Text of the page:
Taylor Pepper, 21, of Damariscotta, drove the hour or more to Scarborough and met with her friend, Elise Koomen, 21, who drove an hour more from Newburyport, Mass. They both went to the Mumford & Sons show in Portland last summer, and now share a passion for Dawes.
“I think Taylor Goldsmith’s lyrics are amazing, and I love the harmonies with his brother (Griffin Goldsmith),” said Pepper. “I grew up listening to Crosby, Stills and Nash because of my dad, and I think (Dawes) is sort of like that.”
The Goldsmith brothers come from a musical family, though they don’t necessarily have a folk or roots musician in their family tree. Their father, Lenny Goldsmith, was lead singer in the ’70s rock band Sweathog, which had a Top 40 radio hit in 1971 called “Hallelujah.”
So growing up in the Laurel Canyon area of Los Angeles, Taylor never really thought about doing anything other than music.
“For me, it was go to school and then start singing,” he said. “It was very natural.”
Goldsmith and his brother started as teens under the nom de plume Simon Dawes, and their music was a little more akin to prog-rock influenced by David Bowie. They were basically trying to find out who they were musically, Goldsmith said.
By the time they released their first album as Dawes, “North Hills,” in 2009, they had found their sound — a stripped-down, roots-based music that evokes comparisons to early Eagles and Jackson Browne. “Nothing is Wrong” followed in 2011, and was named one of the 50 best albums of the year by Uncut magazine.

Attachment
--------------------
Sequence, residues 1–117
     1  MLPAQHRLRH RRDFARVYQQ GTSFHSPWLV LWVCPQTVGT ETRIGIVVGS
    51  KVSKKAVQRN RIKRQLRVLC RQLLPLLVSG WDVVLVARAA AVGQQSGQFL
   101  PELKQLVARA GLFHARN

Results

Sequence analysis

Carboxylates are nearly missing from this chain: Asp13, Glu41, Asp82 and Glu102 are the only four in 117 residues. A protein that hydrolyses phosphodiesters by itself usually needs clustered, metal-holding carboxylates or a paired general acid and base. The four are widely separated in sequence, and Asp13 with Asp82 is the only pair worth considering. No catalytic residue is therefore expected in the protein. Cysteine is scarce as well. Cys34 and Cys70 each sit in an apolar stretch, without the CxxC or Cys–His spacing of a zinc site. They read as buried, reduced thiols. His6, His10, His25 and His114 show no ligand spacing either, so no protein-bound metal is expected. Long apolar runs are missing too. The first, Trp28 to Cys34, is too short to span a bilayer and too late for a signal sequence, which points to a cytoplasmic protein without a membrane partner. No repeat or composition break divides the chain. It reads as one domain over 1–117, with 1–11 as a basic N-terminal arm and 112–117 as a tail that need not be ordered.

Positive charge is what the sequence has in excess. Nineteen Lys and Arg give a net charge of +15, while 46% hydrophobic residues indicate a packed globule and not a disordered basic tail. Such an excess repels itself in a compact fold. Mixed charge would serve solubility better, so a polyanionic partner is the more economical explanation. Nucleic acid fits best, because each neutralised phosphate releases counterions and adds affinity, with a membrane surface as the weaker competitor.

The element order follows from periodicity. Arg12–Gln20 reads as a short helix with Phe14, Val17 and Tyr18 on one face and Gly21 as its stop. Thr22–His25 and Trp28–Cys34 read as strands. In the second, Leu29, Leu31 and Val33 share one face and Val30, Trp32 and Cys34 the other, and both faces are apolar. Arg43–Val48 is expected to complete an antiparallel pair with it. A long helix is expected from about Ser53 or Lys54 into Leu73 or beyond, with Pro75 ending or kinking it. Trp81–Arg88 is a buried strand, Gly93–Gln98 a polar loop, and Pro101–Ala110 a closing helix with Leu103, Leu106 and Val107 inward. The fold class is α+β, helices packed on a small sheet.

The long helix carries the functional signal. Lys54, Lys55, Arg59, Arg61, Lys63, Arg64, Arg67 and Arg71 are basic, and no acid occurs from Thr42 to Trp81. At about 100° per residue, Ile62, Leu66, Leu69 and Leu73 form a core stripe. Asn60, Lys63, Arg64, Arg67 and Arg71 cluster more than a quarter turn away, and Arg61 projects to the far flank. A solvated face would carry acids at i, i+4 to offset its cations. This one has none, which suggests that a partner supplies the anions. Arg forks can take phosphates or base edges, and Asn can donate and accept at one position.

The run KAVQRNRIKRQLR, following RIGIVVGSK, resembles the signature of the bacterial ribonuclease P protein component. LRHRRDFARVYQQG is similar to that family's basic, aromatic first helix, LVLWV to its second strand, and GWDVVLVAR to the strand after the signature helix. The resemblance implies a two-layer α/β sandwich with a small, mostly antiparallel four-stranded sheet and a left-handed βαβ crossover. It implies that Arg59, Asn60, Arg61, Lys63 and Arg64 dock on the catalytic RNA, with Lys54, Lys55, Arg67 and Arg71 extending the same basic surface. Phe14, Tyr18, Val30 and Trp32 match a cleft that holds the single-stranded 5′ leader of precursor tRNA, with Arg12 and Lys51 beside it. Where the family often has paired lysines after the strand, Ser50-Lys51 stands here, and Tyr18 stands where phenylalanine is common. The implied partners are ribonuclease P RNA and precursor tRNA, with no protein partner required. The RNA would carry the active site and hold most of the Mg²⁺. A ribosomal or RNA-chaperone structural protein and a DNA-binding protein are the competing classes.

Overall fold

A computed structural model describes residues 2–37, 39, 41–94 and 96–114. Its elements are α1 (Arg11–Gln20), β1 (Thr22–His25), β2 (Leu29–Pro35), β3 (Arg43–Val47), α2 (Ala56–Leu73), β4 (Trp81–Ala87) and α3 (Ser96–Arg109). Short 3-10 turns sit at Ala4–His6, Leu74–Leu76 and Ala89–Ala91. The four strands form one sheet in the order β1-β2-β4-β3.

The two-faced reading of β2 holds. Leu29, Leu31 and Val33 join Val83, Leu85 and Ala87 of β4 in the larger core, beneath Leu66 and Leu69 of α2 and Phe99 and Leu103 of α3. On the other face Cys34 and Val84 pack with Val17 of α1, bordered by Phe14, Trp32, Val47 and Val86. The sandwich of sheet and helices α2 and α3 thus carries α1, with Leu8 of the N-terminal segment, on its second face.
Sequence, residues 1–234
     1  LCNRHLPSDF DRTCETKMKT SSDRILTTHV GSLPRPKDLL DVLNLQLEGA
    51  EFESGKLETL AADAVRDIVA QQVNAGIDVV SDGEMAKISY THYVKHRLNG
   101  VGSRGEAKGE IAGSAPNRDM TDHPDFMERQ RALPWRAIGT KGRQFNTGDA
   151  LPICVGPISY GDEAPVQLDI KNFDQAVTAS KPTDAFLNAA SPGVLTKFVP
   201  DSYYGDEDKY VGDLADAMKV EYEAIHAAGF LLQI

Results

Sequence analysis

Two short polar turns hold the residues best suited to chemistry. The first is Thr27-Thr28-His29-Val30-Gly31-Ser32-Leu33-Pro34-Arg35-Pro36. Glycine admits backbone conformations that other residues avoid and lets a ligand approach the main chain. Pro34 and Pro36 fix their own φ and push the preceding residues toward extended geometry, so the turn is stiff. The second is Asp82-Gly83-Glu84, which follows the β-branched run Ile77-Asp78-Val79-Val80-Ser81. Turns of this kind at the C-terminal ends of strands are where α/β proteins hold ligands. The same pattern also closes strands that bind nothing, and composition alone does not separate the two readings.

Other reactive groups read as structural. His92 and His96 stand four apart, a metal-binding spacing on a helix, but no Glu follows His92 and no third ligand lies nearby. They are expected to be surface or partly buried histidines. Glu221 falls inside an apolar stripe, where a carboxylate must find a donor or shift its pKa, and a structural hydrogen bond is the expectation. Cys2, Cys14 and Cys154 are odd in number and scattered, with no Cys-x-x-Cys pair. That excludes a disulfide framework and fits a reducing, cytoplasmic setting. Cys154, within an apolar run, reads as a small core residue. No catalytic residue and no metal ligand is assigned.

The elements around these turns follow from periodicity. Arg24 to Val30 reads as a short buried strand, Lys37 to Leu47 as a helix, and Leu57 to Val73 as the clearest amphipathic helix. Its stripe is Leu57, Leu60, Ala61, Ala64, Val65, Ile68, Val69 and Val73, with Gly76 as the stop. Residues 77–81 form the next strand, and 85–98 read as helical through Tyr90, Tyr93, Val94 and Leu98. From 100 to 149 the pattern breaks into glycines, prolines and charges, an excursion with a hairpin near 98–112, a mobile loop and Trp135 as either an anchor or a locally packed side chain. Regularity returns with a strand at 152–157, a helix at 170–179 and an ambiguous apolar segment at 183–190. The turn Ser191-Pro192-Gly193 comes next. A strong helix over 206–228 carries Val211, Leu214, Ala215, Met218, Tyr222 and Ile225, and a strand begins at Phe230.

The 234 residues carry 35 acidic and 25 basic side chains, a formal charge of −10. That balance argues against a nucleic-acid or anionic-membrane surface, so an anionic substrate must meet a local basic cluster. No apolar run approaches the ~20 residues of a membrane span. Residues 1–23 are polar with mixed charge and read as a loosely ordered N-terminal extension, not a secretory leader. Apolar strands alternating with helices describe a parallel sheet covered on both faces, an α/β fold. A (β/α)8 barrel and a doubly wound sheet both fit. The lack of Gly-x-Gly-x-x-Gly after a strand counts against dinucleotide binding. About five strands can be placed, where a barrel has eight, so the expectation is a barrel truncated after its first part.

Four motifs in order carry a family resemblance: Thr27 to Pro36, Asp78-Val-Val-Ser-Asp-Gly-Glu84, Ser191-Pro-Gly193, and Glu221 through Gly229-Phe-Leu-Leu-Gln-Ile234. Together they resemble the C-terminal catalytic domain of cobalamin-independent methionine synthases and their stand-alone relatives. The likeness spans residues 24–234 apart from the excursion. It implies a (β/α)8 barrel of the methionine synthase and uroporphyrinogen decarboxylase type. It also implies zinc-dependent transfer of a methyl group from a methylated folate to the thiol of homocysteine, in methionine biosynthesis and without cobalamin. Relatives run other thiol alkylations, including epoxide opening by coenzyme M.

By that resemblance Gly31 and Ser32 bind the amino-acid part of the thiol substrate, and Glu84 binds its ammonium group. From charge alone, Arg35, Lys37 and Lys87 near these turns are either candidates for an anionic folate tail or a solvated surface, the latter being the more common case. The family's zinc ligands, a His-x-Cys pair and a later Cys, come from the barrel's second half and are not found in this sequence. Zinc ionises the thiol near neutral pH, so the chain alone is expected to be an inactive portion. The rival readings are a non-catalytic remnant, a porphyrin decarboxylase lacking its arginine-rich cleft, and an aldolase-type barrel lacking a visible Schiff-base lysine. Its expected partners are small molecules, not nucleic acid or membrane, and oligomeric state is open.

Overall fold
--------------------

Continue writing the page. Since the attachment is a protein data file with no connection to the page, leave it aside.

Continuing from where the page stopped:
Goldsmith thinks there may be more young bands featuring a stripped-down sound with a focus on thoughtful lyrics because it’s so easy today for people to listen to different kinds of music.
A generation ago, the broadest rock audience might want the same things from their music — a rockin’ good time. But thanks to digital delivery of music, today people can listen to electronic dance music when they want to party, metal when they want to lash out, and bands like Dawes and Mumford & Sons when they want a slightly more “introspective” experience, he said.
“I think rock is no longer the one big party music,” said Goldsmith. “There are so many choices for people now.”
That’s not to say Dawes is a superstar band — yet. The members went virtually unnoticed at Bull Moose before they began playing, and they helped set up equipment prior to their set. (“It’s a small tour, and we really can’t afford a big crew,” Goldsmith said). With customers milling about, he browsed some movies on DVD in the store before doing a soundcheck.
And there were no typical rock-star trappings. The show was scheduled for 6 p.m., and it started at exactly 6 p.m.
Goldsmith thanked the crowd several times and said he hoped they “didn’t mind” hearing so many new songs. The crowd responded by cheering and by taking pictures and videos with their phones, which the band encouraged.
“It’s been really great playing for you all,” said Goldsmith.
Staff Writer Ray Routhier can be contacted at 791-6454 or at: